Electrical Construction Contractors Refused to Hire Applicant Because of His Dyslexia, Federal Agency Charges
NEW HAVEN, Conn. - McPhee Electric Ltd., an electrical construction company with offices in Connecticut, and Bond Bros., Inc., a construction management and design company with an office in Connecticut, unlawfully refused to hire an applicant as a carpenter because of his dyslexia, the U.S. Equal Employment Opportunity Commission (EEOC) charged in a lawsuit it announced today.
According to the EEOC's suit, the applicant's dyslexia substantially limits his ability to read. However, the applicant had 15 years of experience as a carpenter and was fully qualified for the position. The applicant told Bond and McPhee that he had a clean safety record and numerous safety training certifications. However, Bond and McPhee refused to hire him after learning about his dyslexia, claiming that he would present a safety risk, and also refused to explore possible accommodations for the applicant's disability.
Such alleged conduct violates the Americans with Disabilities Act (ADA), which protects employees and applicants from discrimination based on their disabilities. The EEOC filed suit on May 1, 2014, in U.S. District Court for the District of Connecticut (Civil Case No.: 3:14-cv-587), after first attempting to reach a voluntary settlement through the conciliation process. The EEOC seeks back pay, compensatory damages and punitive damages for the applicant, as well as injunctive and other non-monetary relief.
"Employers and applicants can often settle an apparent hindrance caused by a disability by simply exploring accommodation options," said EEOC New York District Director Kevin Berry. "These companies would not even discuss that and simply refused to hire the man, apparently thinking that was the easiest option for them. That, as it turned out, was obviously not the case."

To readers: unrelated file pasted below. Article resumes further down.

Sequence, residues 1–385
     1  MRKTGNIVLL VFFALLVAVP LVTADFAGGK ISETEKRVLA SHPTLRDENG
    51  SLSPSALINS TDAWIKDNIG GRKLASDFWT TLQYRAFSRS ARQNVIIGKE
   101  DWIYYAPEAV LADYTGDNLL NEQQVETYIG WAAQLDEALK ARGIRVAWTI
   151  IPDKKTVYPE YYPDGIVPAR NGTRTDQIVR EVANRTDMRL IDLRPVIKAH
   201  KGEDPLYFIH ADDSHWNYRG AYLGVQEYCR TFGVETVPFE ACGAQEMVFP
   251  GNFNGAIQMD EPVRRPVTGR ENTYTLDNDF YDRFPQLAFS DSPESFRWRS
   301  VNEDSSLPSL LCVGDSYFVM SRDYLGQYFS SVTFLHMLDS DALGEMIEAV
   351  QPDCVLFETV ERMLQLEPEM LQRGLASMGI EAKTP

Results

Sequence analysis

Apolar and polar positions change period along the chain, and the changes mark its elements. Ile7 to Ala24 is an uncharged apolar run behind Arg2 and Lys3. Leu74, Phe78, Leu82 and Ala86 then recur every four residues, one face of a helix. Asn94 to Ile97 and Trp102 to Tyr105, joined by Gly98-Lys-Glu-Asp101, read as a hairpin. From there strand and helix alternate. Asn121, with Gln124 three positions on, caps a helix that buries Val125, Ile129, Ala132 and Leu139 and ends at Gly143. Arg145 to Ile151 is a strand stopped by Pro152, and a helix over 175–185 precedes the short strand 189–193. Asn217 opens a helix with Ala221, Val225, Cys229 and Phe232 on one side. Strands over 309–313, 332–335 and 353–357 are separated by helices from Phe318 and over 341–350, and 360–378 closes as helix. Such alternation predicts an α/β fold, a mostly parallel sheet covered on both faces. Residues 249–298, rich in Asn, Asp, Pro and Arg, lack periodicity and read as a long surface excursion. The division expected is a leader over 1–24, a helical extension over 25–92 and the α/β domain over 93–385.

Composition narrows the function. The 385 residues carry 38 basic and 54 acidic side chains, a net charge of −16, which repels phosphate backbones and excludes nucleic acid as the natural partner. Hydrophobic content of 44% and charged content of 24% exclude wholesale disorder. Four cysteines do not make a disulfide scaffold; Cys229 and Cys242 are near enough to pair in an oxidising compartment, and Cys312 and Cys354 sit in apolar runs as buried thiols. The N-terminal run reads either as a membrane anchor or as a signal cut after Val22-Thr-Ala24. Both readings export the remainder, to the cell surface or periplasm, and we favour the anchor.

The EEOC's acting regional attorney for New York, Robert D. Rose, added, "It is unfortunate that many employers still deny work opportunities to qualified people who are ready and able to perform the job, simply because of myths and fears about their medical impairments or disabilities. This suit should remind employers that the EEOC will continue to prosecute cases where job applicants' basic rights are violated."
Eliminating barriers in recruitment and hiring, especially class-based recruitment and hiring practices that discriminate against racial, ethnic and religious groups, older workers, women, and people with disabilities, is one of six national priorities identified by the EEOC's Strategic Enforcement Plan (SEP).
The EEOC enforces federal laws prohibiting employment discrimination. Further information about the EEOC is available on its website at www.eeoc.gov. The New York District Office of the EEOC oversees Connecticut, Maine, Massachusetts, New Hampshire, New York, Rhode Island, Vermont, and portions of New Jersey.